VV impact example 1-Zaffar is a Muslim afghan born in India. His family had to flee Afghanistan back in 1978 due to the Russian invasions. Zaffar stays at Kolkata currently and manages his sports based nonprofit. He plays rugby and through this he helps children bond across cultural and communal barriers. With parents of Afghan origin he has been brought up in India and learned to value the ethics and celebrate the festivals of his community. He is quite proud to be a member of the Kabuliwala community that swept into Kolkata in the late 19th and early 20th century. But the localites hardly know of their culture which they are proud of. It was Zaffar who narrated the story of Kabuliwalas to the world through his video. Zaffar is a Video Volunteer correspondent.
VV impact example 2-There was a time when Choki village in Limdee Taluka of Gujarat, a Dalit habituated area, did not have proper water supply. The women of the village had to walk miles and miles every day to fetch water for survival. The area which is particularly dry has no water resource nearby. The villagers had to fight to get ample of water to survive. But back in 2010 came the welcome change with the long struggle of the village women. They decided to fight for themselves and appeal to the authorities to provide proper water supply to the village. They formed a small group under the leadership of Kanta Ben, a member of the same community and approached the district collector also filing a complaint to obtain water, in accordance with the law. Though initially they did not get the required response yet later the authorities were forced to listen to their water woes and install a water supply pipe to the village. It all started after a screening of a video by a local CVU Apna Malak Maa (In our Land) that led to the enlightenment of the villagers.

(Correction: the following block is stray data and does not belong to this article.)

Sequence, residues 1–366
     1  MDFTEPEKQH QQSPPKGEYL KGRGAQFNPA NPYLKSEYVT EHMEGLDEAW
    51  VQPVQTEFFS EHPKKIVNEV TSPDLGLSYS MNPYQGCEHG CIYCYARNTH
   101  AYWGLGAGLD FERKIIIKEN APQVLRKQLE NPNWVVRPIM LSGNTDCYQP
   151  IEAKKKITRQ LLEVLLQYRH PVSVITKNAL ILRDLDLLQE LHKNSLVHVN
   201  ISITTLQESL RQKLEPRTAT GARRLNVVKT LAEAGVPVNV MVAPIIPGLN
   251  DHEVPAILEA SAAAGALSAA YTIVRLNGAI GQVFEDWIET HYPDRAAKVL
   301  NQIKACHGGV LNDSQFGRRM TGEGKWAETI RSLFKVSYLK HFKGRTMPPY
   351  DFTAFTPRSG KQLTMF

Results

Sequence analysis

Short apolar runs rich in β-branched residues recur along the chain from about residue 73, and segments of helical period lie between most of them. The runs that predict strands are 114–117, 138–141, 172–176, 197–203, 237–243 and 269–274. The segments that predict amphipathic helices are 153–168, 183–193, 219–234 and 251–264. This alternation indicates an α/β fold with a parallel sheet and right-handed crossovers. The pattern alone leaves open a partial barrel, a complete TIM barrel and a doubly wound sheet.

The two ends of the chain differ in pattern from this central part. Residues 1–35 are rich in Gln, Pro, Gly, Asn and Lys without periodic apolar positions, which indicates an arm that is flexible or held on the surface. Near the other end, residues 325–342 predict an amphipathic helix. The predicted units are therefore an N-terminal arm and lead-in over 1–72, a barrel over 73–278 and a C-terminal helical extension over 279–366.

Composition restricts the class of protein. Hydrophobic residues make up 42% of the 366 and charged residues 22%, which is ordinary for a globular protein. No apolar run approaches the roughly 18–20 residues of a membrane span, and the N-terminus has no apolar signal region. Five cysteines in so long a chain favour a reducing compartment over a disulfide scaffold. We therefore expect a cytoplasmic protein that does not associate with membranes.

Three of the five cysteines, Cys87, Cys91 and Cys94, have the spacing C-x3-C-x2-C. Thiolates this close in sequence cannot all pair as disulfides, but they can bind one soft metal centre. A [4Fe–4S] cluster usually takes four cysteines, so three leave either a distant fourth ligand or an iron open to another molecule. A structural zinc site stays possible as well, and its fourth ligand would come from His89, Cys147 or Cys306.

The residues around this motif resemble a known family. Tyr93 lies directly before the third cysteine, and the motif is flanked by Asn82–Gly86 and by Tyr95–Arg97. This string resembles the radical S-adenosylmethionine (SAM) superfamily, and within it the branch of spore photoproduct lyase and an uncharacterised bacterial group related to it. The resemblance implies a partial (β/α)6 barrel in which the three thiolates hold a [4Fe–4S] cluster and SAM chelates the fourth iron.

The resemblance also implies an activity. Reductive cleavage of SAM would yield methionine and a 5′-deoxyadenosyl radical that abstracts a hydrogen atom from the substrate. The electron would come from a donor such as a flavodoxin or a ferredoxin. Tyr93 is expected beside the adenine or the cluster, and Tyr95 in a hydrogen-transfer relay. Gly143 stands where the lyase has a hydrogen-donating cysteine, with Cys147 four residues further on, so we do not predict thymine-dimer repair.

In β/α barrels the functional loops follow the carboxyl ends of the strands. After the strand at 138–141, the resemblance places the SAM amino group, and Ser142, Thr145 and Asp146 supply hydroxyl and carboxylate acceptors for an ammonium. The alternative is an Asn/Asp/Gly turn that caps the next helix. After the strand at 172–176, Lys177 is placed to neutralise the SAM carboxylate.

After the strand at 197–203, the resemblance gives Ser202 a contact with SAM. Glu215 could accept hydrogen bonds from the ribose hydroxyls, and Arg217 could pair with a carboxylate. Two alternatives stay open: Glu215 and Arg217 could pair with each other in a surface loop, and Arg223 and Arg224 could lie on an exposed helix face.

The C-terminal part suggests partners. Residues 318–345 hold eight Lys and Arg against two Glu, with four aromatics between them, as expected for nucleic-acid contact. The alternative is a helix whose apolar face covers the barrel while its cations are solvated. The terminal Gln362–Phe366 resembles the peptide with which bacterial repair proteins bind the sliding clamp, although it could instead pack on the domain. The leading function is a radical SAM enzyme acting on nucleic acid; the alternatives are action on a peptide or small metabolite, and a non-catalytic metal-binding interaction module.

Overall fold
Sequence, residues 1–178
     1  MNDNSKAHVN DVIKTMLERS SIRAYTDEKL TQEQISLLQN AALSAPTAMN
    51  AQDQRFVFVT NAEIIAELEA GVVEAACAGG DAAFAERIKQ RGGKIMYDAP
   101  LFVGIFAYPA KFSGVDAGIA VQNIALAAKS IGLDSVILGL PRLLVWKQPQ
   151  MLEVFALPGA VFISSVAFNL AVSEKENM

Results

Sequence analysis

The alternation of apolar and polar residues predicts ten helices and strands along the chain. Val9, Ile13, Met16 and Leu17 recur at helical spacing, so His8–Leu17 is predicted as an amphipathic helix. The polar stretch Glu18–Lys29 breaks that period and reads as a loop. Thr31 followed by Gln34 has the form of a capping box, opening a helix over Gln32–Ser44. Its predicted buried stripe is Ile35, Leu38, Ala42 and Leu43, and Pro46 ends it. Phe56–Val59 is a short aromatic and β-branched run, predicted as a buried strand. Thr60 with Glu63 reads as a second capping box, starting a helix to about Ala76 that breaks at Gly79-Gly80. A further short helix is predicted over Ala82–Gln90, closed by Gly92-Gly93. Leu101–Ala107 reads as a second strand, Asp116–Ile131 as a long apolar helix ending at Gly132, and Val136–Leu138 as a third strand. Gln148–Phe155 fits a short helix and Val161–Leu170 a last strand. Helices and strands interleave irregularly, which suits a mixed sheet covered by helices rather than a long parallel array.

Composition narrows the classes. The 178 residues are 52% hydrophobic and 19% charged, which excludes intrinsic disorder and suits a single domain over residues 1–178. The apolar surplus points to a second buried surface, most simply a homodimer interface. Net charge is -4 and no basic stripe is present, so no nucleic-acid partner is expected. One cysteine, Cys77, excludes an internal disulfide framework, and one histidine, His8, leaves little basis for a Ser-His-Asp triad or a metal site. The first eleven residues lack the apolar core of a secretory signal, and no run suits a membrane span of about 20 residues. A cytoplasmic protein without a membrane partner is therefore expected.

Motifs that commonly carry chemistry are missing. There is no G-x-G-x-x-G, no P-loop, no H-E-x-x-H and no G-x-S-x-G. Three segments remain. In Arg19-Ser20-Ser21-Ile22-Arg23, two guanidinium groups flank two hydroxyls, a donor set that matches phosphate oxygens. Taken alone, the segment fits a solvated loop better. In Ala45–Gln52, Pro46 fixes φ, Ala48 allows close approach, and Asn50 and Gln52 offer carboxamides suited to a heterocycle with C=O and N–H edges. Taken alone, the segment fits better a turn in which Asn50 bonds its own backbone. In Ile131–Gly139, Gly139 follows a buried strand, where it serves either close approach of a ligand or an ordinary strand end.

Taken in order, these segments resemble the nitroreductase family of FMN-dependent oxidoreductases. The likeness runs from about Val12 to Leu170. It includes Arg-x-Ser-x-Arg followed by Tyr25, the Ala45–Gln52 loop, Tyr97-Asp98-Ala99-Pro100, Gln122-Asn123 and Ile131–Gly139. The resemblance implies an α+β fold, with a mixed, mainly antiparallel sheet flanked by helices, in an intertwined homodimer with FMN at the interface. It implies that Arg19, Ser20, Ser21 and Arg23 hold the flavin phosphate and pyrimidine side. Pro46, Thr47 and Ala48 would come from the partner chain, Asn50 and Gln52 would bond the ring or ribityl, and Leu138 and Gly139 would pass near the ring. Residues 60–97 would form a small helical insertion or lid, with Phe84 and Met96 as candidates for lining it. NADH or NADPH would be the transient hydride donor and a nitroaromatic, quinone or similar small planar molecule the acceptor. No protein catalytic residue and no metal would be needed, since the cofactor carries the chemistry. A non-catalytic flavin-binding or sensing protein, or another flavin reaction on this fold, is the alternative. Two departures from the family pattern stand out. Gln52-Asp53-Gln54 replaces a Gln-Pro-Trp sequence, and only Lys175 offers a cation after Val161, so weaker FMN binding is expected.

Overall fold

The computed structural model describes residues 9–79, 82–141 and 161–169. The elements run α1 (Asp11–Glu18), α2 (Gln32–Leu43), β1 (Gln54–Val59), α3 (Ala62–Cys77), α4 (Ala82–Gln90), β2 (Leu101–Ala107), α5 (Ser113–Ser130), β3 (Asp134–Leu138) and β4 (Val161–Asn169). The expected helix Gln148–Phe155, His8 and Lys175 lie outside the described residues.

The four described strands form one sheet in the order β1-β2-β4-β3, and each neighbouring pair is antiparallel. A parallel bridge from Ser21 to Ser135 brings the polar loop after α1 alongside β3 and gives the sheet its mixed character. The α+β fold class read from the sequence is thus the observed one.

With the utter commercialization of mainstream media all around, the focus has moved to yellow journalism. The society misses out the factual pegs that account for a greater part of the society. What the masses are basically concerned for is politics, power, corruption, economical problems, page 3 news etc. the mainstream media hardly gets to touch down to the real life issues other than incidents of murder, corruption, theft or molestation. Knowingly or unknowingly they have always tended not to touch the reality at the grass root level. The problem lies in us. We always tend to forget the very fact that there are certain sections of the society which form an integral part of the system. Yet they are looked down upon in either ways. And so has the media. Especially in a developing nation like India, one can never overlook the problem of caste system prevailing since ages or the gender discrimination faced by women in the country. We talk, we debate but how many of us actually get involved and imply actions to improve conditions?